I’m excited to announce that Azavea has joined the Eclipse Foundation and its new LocationTech working group. The decision to join LocationTech and Eclipse represents an increased commitment by Azavea to the open source geospatial software community.
The Eclipse Foundation has been around for several years and had historically cultivated an ecosystem of open source software tools that work with the Eclipse IDE. In recent years, it has extended its mission to focus more broadly on open source software, in general. LocationTech is a relatively new “working group” started a few months ago as a forum for businesses committed to development of open source tools for working with geospatial data. The first projects are starting to make their way through the incubation process. The most prominent of these projects is currently uDig, a desktop GIS client that uses the Eclipse IDE as both a user interface framework and an SDK to build custom spatial applications.
Why are we doing this? The past ten years has seen a steady increase in the use of open source tools to build geospatial software, including the increase of open source components in commercial software. Azavea has both adapted to this changing software ecosystem and encouraged it by contributing to open source software components, like OpenLayers, GDAL and PostGIS, and releasing new tools and products, like OpenTreeMap, DistrictBuilder and GeoTrellis under open source licenses. This is not a casual dalliance. As more software moves to cloud architectures, I believe open source software components will become central to building successful products and services. Further, I personally believe that communities of knowledge, culture and innovation are more vital and energetic when outcomes are shared, enabling others to more effectively build on past work. Open source software creates positive feedback loops that support communities based on non-zero sum interactions.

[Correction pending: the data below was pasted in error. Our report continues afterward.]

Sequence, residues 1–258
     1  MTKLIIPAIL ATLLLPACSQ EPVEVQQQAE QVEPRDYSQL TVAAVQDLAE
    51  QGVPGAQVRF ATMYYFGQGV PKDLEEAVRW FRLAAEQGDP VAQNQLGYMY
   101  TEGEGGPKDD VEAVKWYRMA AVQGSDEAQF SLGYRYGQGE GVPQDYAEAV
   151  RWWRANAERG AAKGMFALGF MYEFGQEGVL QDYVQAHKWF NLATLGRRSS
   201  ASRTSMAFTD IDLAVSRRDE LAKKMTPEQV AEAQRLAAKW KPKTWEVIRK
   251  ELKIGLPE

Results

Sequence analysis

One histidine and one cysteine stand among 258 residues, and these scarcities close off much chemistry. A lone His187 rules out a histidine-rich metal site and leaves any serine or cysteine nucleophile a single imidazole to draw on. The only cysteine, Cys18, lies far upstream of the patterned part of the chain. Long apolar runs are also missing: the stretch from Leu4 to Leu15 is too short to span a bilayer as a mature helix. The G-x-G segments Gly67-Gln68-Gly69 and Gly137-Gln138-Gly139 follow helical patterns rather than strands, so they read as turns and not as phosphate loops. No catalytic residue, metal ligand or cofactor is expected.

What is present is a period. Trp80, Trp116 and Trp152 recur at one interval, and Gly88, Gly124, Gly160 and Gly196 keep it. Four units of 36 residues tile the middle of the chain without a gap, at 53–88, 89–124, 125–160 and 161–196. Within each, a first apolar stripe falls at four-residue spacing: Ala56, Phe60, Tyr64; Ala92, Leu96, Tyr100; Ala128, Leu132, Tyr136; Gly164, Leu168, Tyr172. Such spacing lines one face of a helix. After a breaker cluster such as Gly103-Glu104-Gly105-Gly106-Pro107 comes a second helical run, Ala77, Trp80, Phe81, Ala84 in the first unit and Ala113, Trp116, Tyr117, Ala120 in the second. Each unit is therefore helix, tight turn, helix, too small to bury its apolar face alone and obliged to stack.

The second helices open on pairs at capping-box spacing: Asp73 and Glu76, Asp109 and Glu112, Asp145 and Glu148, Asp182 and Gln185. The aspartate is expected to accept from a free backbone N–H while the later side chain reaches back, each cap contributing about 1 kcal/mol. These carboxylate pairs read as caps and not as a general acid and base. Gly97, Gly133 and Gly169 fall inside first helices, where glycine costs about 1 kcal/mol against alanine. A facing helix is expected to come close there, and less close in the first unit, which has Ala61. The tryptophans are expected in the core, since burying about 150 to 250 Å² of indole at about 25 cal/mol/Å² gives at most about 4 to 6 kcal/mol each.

One of the things that attracted me to LocationTech is that the Eclipse Foundation is focused not just on supporting an open source software ecosystem but also on creating an environment where successful businesses can be built atop an open source foundation. Azavea is a B Corporation, so I like the focus on sharing knowledge and cultivating a vital community. But as a business owner, I also want to build a successful, growing and sustainable business that is both profitable and has the elbow room to invest in R&D and to give back with programs like Summer of Maps. The decision to join LocationTech is aimed at supporting both of these ideas.
LocationTech will only be as successful as the projects that it supports. uDig is a great start, but it’s going to require many more strong projects before it can become a nexus for open source geospatial software. We’re evaluating whether any of Azavea’s projects would be a good fit. Perhaps more on that front in the near future.
A couple of final notes. One of the intangible reasons we are joining LocationTech is Andrew Ross. Andrew is a real asset at Eclipse. He’s not only been helpful in answering our questions; he’s also made a great case without being pushy. Second, I was delighted to learn that Google followed our lead in joining LocationTech this week.